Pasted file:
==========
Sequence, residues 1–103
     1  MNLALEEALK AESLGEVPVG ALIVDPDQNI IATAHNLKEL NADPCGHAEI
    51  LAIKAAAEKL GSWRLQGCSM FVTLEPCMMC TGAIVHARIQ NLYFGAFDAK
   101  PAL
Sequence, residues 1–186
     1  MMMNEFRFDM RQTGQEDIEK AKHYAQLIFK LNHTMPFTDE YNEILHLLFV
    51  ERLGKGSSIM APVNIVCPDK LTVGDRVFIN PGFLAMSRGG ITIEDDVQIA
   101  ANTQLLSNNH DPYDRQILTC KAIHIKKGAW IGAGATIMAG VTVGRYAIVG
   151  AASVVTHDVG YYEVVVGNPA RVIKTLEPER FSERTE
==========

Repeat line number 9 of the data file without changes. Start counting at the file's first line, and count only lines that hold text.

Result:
   151  AASVVTHDVG YYEVVVGNPA RVIKTLEPER FSERTE